National Geographic Resolution started the day by cruising north toward Booth Island. We had the opportunity to listen to a few talks, including one from National Geographic photographer Kike Calvo, who went over how he approaches photography. We then hopped off the ship and into Zodiacs to cruise around Port Charcot. We observed massive ice and gentoo colonies. We even had some close encounters with a leopard seal! We repositioned for an after dinner operation in Neko Harbour, where we enjoyed the early part of sunset as we observed glaciers and penguins. This was our first continental landing of the voyage!
National Geographic Resolution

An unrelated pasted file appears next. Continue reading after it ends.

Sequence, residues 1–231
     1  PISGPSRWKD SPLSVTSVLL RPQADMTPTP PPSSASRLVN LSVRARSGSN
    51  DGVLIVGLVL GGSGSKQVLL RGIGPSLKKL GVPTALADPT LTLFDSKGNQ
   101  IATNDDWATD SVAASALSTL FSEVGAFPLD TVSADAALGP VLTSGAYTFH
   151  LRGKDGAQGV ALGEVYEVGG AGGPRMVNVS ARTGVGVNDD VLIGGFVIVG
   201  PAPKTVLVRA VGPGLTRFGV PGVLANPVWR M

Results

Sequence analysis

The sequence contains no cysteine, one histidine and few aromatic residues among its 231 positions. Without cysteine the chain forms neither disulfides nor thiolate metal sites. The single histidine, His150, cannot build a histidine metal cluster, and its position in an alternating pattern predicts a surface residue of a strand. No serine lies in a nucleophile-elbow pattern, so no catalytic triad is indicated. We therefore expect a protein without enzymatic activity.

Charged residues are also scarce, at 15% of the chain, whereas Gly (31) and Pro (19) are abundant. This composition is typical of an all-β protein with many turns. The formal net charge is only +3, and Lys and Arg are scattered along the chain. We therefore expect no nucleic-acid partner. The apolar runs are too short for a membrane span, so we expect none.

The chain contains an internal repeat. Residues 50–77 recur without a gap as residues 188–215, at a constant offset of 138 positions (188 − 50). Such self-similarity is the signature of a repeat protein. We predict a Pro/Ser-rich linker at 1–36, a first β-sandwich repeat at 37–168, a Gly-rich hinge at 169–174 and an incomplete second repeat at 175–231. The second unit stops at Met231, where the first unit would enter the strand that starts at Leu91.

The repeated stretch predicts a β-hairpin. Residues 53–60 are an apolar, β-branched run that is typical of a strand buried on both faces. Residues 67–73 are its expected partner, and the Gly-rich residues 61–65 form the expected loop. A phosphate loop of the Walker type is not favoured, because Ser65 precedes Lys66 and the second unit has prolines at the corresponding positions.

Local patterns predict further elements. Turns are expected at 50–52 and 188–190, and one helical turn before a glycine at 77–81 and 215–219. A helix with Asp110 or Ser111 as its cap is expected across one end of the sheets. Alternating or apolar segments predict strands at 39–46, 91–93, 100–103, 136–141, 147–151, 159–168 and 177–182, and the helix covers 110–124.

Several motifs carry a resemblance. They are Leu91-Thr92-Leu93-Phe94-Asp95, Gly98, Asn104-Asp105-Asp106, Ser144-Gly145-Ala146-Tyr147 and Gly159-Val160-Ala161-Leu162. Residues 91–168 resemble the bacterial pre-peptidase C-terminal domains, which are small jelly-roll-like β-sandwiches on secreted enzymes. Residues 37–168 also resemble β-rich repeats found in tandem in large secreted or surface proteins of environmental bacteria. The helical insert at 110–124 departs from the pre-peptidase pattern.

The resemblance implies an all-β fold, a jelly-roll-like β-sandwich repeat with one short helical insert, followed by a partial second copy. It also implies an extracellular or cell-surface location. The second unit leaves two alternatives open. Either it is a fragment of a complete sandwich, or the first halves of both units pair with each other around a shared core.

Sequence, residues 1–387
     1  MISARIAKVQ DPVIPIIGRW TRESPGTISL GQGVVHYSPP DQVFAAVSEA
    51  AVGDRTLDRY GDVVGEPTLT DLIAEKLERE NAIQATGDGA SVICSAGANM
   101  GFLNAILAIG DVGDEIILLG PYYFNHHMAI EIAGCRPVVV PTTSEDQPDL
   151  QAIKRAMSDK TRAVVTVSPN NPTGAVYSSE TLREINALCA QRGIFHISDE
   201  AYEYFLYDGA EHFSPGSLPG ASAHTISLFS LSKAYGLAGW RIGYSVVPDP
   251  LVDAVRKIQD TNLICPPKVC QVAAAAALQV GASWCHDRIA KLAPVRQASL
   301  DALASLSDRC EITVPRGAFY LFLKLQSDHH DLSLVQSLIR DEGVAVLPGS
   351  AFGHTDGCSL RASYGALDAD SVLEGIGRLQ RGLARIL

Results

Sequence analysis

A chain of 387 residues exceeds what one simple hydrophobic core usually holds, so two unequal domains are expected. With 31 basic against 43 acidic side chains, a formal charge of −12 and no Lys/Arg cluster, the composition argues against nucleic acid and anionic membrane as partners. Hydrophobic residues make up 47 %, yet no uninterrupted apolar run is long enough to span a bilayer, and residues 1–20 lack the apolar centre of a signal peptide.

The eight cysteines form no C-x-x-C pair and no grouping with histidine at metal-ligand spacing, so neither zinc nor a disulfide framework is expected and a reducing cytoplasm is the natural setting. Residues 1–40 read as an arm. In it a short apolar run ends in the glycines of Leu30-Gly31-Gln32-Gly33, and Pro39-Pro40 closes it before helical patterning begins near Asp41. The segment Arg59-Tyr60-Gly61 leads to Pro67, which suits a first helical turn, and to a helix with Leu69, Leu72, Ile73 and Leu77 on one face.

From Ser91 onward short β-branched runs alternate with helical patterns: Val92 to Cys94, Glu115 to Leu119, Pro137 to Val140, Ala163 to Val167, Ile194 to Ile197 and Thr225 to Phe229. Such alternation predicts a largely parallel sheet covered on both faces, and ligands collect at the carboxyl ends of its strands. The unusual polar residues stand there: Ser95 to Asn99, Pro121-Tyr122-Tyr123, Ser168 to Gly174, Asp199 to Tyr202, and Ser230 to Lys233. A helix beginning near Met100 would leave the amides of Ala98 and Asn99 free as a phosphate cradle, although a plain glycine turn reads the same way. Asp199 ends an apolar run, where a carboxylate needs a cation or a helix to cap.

The huge distances we have covered on this journey meant that our last full day was spent almost completely at sea on our return leg from Antarctica. After a merciful lie-in, we crowded the decks as we sailed past Cape Horn, the majestic headland at the bottom tip of Hornos Island, the southernmost point of Tierra del Fuego and the entire South American continent. Despite its fearsome reputation, pleasant seas allowed for an enjoyable brunch before we plunged into our presentation schedule for the morning and afternoon. Naturalist Gail Ashton related her experience of living on the Antarctica continent for 18 months, Jonny Reid discussed marine mammal acoustics and the underwater soundscapes of this region, and Jess Farrer explained how the study of whale and seal poop can tell us so much about these animals. As we entered the Beagle Channel, the stunning mountains of Tierra del Fuego lined our passage to Ushuaia. Gathering in the Ice Lounge for the captain’s farewell party, we toasted a hugely enjoyable trip and the new friends we have made.